Castlevania: Aria of Sorrow

June 17, 2003

There Goes Another Fifteen Hours of My Life:
The Castlevania Aria of Sorrow Story

To say that I am a fan of the Castlevania series on the GBA is a bit of an understatement so it would be impossible to write a completely unbiased review of what I consider to be a MUST have game. While my memories of the first installment of the GBA Castlevania series, Circle of the Moon, is a bit of a distant memory, I still retain some vision problems resulting from the many hours dedicated to slaughtering every Skeleton or Axe Armor in the 2 by 2 inch game. Now if you have ever played any Castlevania game on any console, with the exception of the bucket of chum that was released for the N64, and said to your self “this isn’t the worst game in the history of man kind” you need to play Aria of Sorrow. While this is by far the shortest game of the series, it has excellent replay value, which I will go into in greater detail later in the review.

Now the number one complaint with the original Castlevania game for the GBA was the graphics. The game was made so dark you would need to be sitting directly on the surface of the Sun to make out even the largest of details. Some one told me they saw a texture in the game once but I don’t believe them. Fortunately, Aria of Sorrow has a brighter, sunnier, I’m trapped in Dracula’s castle full of demons and the undead look. This is great because the character models are spectacular considering that the largest enemy in the game is only slightly larger than a postage stamp. And the backgrounds are what you would expect, lots of rundown castles with bats flying all around, large halls filled with portraits of long ago slain family members of the undead and of course, under ground caverns of total spookiness WOOOOOOOOOOO (ghost noise). There were few instances were I found myself being gnawed upon by an invisible enemy. The brighter appearance also simplifies the often-difficult tasks of platforming and item detection.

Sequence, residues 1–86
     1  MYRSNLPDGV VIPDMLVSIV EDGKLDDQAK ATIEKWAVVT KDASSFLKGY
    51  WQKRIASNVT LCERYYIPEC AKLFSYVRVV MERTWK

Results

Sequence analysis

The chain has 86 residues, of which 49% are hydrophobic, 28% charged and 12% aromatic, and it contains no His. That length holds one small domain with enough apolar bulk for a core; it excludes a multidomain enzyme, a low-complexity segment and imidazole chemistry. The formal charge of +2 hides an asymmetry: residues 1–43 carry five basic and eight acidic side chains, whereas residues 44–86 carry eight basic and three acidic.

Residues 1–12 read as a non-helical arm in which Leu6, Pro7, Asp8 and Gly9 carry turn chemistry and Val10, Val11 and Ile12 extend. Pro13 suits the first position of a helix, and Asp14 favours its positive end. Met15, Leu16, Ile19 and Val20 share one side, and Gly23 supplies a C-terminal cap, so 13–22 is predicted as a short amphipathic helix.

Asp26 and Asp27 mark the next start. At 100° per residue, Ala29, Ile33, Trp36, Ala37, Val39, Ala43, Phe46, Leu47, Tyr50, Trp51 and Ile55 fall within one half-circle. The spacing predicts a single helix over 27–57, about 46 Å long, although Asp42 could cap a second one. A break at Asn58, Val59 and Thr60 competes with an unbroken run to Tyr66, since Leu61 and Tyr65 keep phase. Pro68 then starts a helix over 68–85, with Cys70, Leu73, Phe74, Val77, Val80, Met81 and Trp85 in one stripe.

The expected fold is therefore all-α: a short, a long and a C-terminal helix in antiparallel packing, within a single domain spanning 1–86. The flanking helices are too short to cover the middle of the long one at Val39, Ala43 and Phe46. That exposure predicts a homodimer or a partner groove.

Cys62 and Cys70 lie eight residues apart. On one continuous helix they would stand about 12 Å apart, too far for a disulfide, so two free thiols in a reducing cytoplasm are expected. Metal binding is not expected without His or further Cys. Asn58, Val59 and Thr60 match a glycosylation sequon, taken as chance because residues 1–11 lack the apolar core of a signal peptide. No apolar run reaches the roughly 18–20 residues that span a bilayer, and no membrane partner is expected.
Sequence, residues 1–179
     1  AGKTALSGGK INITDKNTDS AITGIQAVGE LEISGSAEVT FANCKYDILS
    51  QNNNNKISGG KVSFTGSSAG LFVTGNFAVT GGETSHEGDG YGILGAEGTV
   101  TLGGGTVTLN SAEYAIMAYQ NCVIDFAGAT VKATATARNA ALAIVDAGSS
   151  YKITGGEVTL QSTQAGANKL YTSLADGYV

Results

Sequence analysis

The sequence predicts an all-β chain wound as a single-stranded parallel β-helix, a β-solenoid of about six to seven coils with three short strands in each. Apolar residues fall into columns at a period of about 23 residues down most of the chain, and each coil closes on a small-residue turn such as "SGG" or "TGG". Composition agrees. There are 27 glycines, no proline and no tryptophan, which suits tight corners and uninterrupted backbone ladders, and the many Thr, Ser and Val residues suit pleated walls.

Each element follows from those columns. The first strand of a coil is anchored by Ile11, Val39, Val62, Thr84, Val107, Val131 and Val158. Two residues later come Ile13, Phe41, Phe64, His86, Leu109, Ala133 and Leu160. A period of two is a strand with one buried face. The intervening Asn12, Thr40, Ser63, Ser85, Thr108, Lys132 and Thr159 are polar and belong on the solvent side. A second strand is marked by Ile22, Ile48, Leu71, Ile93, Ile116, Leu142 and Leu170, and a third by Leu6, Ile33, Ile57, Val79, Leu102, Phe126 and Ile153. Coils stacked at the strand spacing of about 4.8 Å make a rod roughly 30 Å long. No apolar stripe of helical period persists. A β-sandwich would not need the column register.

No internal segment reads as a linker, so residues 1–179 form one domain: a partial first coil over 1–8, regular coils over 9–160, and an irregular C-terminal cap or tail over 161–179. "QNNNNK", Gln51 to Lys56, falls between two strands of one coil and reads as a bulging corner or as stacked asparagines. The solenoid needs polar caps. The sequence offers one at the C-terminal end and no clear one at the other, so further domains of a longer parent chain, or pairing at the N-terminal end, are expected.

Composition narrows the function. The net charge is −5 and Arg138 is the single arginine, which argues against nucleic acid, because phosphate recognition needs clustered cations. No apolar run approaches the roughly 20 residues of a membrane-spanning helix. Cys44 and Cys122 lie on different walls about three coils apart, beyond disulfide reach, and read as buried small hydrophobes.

The sound in AoS is typical Castlevania. Konami must have the same guy writing all the music for every game because after only a few seconds of listening you know were you are, you’re in the jungle baby, you’re gonna die!!!!!!!!!! There is a great deal of variation from area to area not only in look but sound. Each area of the castle has different background music appropriate for the location. My only complaint was that the music was often inaudible due to the .00001-watt speaker Nintendo deemed appropriate for the GBA.

Controlling AoS is exactly what you would expect, jump and whip, or in this game jump and slice. The replacement of the whip by a series of swords, spears, hammers, and other weapons was a bit disheartening at first. I mean, who doesn’t like to bust out a whip and not look like an S&M freak? Well fear not, the inclusion of over two dozen weapons with varying attack styles like over hand chop, side slice, poking spear action or even pop pop of your gat will leave you satisfied at the carnage you leave in your wake. Each situation requires you to carefully choose your weapon to best dispense of your foes. Lots of Medusa heads? Why not bust out your HUGE over hand sword and send that snake headed skank and her twins back to Clash of the Titans. As expected you gain abilities which are activated by the shoulder buttons like double jump, back-dash, ground slide and others as you defeat
sses so some areas of the castle are unavailable until late in the game; which is a good thing as you would no doubt unwittingly bump into an Iron Golem and die a most horrible Iron Golem style death with only a plastic fork as your most powerful weapon.